Let's Learn About Kick Returns
Special teams can be difficult to quantify, but if you look at enough data, you can start to see something that makes some kind of sense. That's my hope, at least, because if that's not the case then I spent a lot of time last night poring through special teams stats for nothing.
See, so far this season, the Packers special teams have gone in two different directions. Well, that's not exactly accurate. The punt return team has gone forward at a very high rate of speed, while the kick return unit has gone nowhere at all.
And that's hardly an exaggeration, really. Under the guidance of one Micah Hyde, the Packers have been downright explosive on their 16 punt return opportunities through seven games, averaging a robust 14.3 yards per return. A 93 yard touchdown certainly bumps up the average a bit, but the unit's average is still a shade over nine yards per return with Hyde's monster return taken out of the stats. More on this in a little bit.
While the Packers' punt returners have been terrific, their kick returners have been equally bad. Though they've returned just 12 kicks this year, the Packers are averaging a paltry 15.3 yards per return. You read that correctly: the Packers aren't even capable of producing returns better than they'd get by just kneeling the ball in the end zone on every kick. By way of comparison, the Vikings' Cordarrelle Patterson produced 228 return yards on Sunday. The Packers have produced 183 yards all year.
Surprisingly, the Packers have historically been pretty good in the return game. For the sake of making the point quickly, here's a chart illustrating the basic stats on the Packers' kick and punt returns since 1993. Here's a quick explanation: the green line represents the average return yardage for the player on the team who had the most return opportunities in one season, while the yellow line signifies the team's average on all kick returns. The red and blue line represents the same data, only for punts. The purple line is the sum of that year's kick and punt return touchdowns.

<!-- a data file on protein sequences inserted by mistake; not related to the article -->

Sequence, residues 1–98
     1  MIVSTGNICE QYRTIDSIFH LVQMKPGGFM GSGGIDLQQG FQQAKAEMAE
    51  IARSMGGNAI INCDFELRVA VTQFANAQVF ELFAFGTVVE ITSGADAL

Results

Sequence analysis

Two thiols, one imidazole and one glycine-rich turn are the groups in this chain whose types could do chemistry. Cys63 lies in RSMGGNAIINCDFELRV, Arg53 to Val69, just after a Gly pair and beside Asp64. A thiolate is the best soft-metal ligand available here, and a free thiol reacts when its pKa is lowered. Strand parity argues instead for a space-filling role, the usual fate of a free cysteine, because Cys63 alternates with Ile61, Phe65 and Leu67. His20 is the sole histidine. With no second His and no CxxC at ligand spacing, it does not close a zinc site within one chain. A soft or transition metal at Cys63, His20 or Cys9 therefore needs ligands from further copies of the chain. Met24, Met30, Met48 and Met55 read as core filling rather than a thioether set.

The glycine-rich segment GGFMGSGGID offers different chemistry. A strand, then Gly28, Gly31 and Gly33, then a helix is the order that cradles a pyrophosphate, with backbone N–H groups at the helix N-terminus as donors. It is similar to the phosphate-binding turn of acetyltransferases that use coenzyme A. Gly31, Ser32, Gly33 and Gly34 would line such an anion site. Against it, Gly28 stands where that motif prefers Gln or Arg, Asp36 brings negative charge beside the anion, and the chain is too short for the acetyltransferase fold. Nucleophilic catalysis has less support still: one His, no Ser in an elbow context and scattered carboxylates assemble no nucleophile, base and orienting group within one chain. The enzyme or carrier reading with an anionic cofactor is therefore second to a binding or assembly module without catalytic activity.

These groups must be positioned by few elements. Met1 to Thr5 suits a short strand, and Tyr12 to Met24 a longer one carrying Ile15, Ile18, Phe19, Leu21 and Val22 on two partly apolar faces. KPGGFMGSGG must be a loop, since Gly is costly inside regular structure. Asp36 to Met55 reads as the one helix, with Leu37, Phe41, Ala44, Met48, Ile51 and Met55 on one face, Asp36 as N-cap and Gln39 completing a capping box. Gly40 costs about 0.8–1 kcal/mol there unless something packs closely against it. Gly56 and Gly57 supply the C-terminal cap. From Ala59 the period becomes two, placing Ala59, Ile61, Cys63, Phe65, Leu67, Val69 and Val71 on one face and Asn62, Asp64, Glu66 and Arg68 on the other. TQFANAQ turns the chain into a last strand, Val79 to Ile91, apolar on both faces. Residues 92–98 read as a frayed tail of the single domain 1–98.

Overall, the Packers have performed pretty well on returns over the past two decades. Desmond Howard was obviously a phenomenon unto himself, but I was surprised to see how often the Packers had success on returns, except for the Darrien Gordon year, which was pretty much an abject failure.
While it's difficult to draw many concrete conclusions from the data, I do have a couple. First, you'd think the Packers will improve in the kick return game almost by default. If I had to make this chart again, I'd include another line that shows the 20 year average for both kick and punt returns. Since I didn't, I'll tell you that since 1993, the Packers have averaged 21.49 yards per kick return, more than six full yards better than this season's average. Now, obviously they've had a few seasons where they performed below that average, but they've never been this bad. Perhaps with Micah Hyde taking over those duties, the Packers will trend a little bit more toward their historical average.
Second, it's easy to see why Mike McCarthy and company were hesitant to pull Randall Cobb from his return duties, even as he became a bigger part of the offense. Simply put, when Cobb is returning kicks, the Packers do well in the return game. When he's not, they don't.
Thirdly, I think it's interesting that other than this year, the Packers' have done basically better than ever in the years since the NFL moved kickoffs from the 30 yard line to the 35. There may be fewer kick returns in the NFL, but the Packers seem to do well when their returners do bring the ball out,